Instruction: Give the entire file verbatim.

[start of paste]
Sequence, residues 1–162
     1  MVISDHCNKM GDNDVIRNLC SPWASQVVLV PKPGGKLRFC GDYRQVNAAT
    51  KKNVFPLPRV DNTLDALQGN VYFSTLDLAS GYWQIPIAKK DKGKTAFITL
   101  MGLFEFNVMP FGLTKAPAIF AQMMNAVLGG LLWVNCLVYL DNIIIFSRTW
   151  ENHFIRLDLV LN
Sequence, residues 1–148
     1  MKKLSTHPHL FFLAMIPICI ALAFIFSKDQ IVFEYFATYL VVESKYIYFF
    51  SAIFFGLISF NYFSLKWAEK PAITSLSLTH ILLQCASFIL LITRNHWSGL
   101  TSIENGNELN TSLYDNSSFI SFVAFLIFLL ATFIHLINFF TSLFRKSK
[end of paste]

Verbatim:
Sequence, residues 1–162
     1  MVISDHCNKM GDNDVIRNLC SPWASQVVLV PKPGGKLRFC GDYRQVNAAT
    51  KKNVFPLPRV DNTLDALQGN VYFSTLDLAS GYWQIPIAKK DKGKTAFITL
   101  MGLFEFNVMP FGLTKAPAIF AQMMNAVLGG LLWVNCLVYL DNIIIFSRTW
   151  ENHFIRLDLV LN
Sequence, residues 1–148
     1  MKKLSTHPHL FFLAMIPICI ALAFIFSKDQ IVFEYFATYL VVESKYIYFF
    51  SAIFFGLISF NYFSLKWAEK PAITSLSLTH ILLQCASFIL LITRNHWSGL
   101  TSIENGNELN TSLYDNSSFI SFVAFLIFLL ATFIHLINFF TSLFRKSK